Before seeking surgical options, adjusting lifestyle changes may alleviate and control GERD symptoms.
Avoid trigger foods:
- Peppermint, chocolate
- Acidic, fatty or spicy foods
- Excessive NSAID use
Many people will already know their trigger foods. Trigger foods and their severity can vary between individuals. In general, trigger foods worsen reflux by causing relaxation of the muscles around the lower esophageal sphincter or increasing acid production in the stomach. Additionally, fatty foods can delay gastric emptying, which increases pressure in the stomach, causes the stomach to expand and weakens the lower esophageal sphincter.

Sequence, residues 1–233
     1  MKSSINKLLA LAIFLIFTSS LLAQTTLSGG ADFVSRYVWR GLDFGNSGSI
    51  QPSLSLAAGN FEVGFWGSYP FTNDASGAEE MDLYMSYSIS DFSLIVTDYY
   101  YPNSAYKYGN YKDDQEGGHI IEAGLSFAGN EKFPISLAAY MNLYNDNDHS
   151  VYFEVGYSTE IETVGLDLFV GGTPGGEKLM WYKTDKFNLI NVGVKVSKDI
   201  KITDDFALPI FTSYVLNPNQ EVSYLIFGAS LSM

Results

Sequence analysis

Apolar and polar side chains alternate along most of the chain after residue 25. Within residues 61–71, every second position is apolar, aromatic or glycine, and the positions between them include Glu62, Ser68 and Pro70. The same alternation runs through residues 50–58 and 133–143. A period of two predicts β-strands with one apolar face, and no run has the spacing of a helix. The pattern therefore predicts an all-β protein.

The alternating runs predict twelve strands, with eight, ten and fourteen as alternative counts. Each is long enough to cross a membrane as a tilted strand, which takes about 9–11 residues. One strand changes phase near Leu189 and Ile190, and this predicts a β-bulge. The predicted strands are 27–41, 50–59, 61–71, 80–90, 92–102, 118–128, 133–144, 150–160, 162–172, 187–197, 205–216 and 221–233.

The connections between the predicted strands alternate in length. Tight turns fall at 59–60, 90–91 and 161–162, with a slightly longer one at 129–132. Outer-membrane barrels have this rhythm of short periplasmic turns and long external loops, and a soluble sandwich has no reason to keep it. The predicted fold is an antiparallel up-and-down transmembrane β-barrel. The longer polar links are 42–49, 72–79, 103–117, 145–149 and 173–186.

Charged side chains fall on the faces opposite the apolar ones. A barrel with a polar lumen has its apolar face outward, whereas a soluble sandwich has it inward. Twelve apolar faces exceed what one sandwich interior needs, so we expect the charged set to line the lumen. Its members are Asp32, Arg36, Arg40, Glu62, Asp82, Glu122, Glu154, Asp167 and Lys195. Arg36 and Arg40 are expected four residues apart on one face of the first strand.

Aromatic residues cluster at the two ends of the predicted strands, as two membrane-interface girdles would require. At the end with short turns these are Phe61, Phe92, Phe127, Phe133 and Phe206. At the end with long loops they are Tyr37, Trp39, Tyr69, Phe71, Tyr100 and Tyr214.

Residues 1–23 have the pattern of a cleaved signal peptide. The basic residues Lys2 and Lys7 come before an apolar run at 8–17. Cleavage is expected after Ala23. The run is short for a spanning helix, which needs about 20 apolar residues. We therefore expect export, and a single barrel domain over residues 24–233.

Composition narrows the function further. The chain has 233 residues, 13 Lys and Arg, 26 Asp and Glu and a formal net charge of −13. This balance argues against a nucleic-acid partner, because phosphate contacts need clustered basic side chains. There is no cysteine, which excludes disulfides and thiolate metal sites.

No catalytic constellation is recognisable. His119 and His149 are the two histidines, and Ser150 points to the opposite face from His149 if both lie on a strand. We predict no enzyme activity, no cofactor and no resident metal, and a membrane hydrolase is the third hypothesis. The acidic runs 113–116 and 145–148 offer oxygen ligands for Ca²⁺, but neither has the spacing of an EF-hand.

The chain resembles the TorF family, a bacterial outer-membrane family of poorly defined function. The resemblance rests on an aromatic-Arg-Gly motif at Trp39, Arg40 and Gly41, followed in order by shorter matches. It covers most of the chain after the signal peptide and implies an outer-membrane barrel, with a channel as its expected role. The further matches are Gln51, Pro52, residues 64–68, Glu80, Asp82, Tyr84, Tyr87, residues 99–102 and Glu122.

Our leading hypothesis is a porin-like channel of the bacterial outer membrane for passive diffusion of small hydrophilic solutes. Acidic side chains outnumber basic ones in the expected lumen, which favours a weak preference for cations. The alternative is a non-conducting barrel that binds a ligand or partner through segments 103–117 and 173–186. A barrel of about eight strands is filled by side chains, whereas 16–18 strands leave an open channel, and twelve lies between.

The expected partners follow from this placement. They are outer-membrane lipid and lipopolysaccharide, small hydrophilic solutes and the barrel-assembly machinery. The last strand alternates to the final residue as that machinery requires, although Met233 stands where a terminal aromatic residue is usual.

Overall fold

Avoid excess pressure in the stomach:
- Lose weight
- Avoid eating three hours before bedtime
- Elevate the head of your bed
- Eat smaller meals
Increasing intra-abdominal pressure pushes food back up into the esophagus. Sometimes losing just 10 or 15 pounds can be enough to prevent stomach contents from pushing back up into the esophagus. Elevating the head of your bed can help gravity to work in your favor. Finally, eating smaller meals and not eating before lying down can decrease stomach distension and pressure, which can prevent reflux.